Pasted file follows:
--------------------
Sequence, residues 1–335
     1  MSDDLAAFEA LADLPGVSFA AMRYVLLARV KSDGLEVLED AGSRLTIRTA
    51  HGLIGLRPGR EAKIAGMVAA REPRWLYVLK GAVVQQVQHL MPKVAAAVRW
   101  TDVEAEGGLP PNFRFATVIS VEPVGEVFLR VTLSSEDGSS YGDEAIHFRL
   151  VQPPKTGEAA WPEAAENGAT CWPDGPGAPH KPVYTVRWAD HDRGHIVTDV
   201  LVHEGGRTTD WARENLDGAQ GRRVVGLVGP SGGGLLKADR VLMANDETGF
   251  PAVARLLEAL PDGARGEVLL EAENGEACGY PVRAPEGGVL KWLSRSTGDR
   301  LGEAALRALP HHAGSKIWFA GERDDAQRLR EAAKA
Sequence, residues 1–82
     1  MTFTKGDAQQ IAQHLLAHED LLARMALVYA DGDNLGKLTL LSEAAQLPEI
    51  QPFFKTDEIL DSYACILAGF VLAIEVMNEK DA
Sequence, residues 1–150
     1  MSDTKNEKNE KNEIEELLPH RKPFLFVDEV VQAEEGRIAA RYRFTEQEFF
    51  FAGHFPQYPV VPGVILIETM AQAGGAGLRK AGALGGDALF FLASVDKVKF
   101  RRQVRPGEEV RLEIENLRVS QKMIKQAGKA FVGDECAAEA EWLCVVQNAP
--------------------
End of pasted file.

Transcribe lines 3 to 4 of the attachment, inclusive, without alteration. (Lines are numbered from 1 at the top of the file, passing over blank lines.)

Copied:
    51  HGLIGLRPGR EAKIAGMVAA REPRWLYVLK GAVVQQVQHL MPKVAAAVRW
   101  TDVEAEGGLP PNFRFATVIS VEPVGEVFLR VTLSSEDGSS YGDEAIHFRL